DICE isn’t the only studio making pokes at Infinity Ward’s decision. Among others, Futuremark Games Studio has made note of the fact that they will utilize dedicated servers in their games.
However, in Infinity Ward’s defense, with the greater availability of broadband, most people these days have faster connections, which allows for smoother p2p games, as opposed to the days of the mighty dial-up.
Of course IW also dropped another bomb on PC gamers when they said online matches would be capped at 18 players when the game’s predecessor went up to 64. That’s a loss of 46 players per server! That’s devastating news to large clans. Call of Duty is not a tactical shooter like Gears of War, which is why the latter gets away with a smaller player count. Yes, I know there’s a pretty big difference between 18 players and 10 players (Gears of War 2’s player cap), but when you look at the difference between the PC versions of Modern Warfare 2 and CoD4, it’s laughable. During the live chat, one disgruntled gamer asked, “Please explain how a 9v9 match is a multiplayer experience? I’d have more fun serving lunch at a local nursing home.” Ouch.
IW claims the maps in CoD4 were not “balanced” for 64 players. Hindsight may be better than foresight, but whatever happened to playtesting? It was always my understanding that playtesting played a vital role in balancing a game, so if the player count wasn’t right for the maps, why did the game ship with a 64-player cap? That being said, Infinity Ward centered around the 9v9 cap when balancing map sizes, perks, classes and challenges, according to the live chat. In reality, the biggest reason is probably because anything over 18 would cause lag issues when running on a p2p network. Isn’t it convenient that they’re telling us all of this a week before the game’s release?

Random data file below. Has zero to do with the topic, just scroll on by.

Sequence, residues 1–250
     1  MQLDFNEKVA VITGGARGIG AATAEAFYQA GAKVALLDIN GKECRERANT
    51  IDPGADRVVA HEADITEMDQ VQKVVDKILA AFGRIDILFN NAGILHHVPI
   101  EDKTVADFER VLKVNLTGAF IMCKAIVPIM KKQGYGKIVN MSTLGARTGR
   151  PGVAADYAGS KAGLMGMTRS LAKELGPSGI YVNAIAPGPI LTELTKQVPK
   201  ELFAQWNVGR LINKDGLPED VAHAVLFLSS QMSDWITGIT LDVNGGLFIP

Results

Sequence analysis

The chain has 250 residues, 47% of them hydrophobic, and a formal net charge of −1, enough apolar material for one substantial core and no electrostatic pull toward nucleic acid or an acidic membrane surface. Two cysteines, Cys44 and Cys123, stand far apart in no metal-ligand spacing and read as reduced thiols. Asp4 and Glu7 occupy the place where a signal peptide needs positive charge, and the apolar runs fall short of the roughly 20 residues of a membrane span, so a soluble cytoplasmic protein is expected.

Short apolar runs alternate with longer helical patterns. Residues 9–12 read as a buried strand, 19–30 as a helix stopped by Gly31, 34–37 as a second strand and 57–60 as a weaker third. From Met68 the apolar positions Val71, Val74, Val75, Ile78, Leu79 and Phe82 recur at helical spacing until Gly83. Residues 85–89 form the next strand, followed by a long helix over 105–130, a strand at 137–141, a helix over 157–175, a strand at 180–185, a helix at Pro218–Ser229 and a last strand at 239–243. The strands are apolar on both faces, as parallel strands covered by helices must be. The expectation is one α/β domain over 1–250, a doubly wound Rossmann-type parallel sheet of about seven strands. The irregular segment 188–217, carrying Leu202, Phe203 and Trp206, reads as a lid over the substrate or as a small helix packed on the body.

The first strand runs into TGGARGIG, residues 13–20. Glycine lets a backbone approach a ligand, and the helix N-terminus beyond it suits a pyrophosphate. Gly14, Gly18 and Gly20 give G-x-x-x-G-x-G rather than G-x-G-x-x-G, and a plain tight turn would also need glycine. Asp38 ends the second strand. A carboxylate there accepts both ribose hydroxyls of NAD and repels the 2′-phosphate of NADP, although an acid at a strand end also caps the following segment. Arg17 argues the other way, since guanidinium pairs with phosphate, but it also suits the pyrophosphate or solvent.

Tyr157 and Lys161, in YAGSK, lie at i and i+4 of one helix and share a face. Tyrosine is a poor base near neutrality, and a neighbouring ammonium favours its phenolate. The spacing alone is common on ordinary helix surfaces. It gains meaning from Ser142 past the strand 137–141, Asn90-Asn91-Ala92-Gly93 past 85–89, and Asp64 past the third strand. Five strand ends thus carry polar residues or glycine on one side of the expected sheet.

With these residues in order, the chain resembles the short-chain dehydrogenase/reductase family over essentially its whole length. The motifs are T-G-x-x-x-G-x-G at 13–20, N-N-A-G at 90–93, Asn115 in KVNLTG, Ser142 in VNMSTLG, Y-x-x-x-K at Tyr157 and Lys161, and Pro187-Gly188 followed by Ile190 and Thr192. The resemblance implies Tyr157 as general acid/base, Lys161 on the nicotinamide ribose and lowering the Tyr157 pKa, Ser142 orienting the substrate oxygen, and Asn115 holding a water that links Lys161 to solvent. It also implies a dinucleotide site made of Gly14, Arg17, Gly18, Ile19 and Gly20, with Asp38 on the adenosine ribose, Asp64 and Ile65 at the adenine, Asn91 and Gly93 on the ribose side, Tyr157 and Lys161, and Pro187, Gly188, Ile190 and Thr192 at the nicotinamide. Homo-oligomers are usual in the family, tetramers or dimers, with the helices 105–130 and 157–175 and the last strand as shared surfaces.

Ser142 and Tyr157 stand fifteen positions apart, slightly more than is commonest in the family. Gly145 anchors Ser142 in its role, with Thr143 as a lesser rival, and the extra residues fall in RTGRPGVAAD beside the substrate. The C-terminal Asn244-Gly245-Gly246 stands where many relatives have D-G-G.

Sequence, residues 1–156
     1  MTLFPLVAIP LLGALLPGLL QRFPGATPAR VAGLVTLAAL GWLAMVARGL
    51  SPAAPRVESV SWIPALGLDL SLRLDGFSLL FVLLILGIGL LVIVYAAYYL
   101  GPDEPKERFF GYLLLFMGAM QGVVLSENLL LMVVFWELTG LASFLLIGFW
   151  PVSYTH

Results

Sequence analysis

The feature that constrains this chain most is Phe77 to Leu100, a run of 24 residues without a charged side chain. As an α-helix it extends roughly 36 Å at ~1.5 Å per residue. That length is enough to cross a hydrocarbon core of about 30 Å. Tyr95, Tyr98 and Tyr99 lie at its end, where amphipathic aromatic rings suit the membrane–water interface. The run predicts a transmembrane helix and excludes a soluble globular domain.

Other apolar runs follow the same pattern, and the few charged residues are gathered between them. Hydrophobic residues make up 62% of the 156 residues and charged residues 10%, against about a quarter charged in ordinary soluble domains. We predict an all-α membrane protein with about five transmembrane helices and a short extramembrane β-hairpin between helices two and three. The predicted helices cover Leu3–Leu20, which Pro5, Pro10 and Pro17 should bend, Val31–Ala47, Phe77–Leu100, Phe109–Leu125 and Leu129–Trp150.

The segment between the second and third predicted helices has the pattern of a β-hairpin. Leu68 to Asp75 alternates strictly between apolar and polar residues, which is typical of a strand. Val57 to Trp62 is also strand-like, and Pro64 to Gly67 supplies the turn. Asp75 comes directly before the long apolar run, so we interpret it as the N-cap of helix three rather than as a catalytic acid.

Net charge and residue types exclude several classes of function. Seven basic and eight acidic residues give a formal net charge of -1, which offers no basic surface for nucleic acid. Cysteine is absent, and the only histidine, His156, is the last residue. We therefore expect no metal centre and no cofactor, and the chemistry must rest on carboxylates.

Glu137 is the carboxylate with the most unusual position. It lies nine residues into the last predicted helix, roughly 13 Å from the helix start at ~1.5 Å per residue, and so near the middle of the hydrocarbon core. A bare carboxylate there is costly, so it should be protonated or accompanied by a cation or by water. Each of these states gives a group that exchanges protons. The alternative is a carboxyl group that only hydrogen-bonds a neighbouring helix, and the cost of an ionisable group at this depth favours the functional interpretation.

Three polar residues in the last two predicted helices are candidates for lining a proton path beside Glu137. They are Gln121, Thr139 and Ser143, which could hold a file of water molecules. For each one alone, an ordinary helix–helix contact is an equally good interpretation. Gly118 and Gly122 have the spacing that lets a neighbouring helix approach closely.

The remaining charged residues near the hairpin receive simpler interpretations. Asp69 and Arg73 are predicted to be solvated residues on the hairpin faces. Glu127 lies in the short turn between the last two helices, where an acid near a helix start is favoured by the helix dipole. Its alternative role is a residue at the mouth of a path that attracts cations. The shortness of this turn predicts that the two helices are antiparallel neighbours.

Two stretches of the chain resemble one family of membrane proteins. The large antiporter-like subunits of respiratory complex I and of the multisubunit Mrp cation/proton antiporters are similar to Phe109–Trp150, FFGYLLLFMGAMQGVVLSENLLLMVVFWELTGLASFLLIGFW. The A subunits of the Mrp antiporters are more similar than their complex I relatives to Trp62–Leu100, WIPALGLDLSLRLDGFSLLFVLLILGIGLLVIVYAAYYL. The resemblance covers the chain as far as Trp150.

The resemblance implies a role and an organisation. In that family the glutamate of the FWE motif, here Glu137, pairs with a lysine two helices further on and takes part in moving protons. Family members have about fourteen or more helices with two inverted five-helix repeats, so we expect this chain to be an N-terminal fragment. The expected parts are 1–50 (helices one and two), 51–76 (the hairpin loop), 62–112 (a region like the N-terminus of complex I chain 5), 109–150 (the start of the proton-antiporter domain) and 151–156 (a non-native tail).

Infinity Ward’s third reason for switching to IWnet is anti-cheat. IWnet uses Valve’s anti-cheat system. “The biggest benefit of using IWnet by far is the fact that you don’t have to worry about joining a server full of aim-bots, wallhacks, or cheaters,” Bowling writes, “Or relying on the server admin of the server to constantly be monitoring, banning, and policing it.” What doesn’t make sense is that Valve’s anti-cheat is available for dedicated servers as well.
The final reason for IWnet is piracy, which truth be told, is a pretty significant problem for game publishers. IWnet will help prevent the game from being illegally obtained.
This brings up a valid question: is console gaming transforming PC gaming in, what many would argue, a negative way? It does seem that PC gaming is losing its relevance as of late. When you take into account the fact that consoles are much more affordable and PC gaming rigs require semi-frequent hardware upgrades in order to keep pace with today’s games, but therein lies the rub. The advancement of new technology and new ideas in the computer gaming industry translates to improvements in console gaming. Console development alienates small developers because it has a significant barrier of entry, whereas the PC platform has virtually no barrier of entry. This indicates that innovation and creativity is stimulated much more in the PC arena while the console market continues to be primarily profit-driven.
Infinity Ward states that the PC version of Modern Warfare 2 will be more user-friendly and easier for more casual gamers to play, but this logic, in its truest sense, is flawed because casual gamers tend to stick with console platforms. The level of complexity in PC gaming suggests that all PC gamers are hardcore gamers because they have to learn to understand their platform in order to enjoy it. This is why there is such a divide between PC and console gaming, and it’s a divide that should not be crossed.
Don’t get me wrong, Modern Warfare 2 is going to be a great game, and I have faith that Infinity Ward knows what’s best for its franchise. I just don’t think a p2p system is the future of PC gaming. There’s a reason why nearly every PC game has adopted the use of dedicated servers.
So, to answer my original question, is PC gaming going the way of console gaming? Once again, the answer is “it depends.” Gaming, as with any other market, is a demand-oriented industry. Gamers get what gamers want, and for Infinity Ward to say they know what gamers want and break tradition is questionable. If it turns out that PC gamers swallow their pride and end up liking the transition IW makes, then yes, PC gaming might be trending in a new direction. Let’s just wait and see.